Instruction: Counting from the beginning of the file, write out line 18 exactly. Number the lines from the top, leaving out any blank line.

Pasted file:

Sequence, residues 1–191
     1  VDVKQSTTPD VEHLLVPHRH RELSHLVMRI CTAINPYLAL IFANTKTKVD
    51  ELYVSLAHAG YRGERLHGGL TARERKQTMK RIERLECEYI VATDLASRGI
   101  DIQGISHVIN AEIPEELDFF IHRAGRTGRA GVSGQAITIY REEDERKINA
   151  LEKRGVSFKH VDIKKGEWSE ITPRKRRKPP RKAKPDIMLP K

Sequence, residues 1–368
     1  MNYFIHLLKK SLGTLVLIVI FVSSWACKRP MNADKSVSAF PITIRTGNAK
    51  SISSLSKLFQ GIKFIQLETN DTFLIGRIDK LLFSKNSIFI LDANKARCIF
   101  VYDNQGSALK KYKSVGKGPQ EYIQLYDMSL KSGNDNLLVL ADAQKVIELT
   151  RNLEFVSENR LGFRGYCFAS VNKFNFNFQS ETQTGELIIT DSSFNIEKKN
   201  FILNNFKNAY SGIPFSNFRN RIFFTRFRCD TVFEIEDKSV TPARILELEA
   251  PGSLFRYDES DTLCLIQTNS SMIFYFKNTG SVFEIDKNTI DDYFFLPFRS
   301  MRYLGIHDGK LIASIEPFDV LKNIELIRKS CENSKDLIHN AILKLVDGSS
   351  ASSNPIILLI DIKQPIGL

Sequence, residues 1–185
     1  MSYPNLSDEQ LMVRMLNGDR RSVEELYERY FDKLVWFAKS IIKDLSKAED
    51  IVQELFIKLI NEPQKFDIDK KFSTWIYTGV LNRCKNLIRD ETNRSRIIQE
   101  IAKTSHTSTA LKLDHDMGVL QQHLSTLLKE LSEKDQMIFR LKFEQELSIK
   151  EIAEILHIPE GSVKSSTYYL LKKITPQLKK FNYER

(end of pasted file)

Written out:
   101  IAKTSHTSTA LKLDHDMGVL QQHLSTLLKE LSEKDQMIFR LKFEQELSIK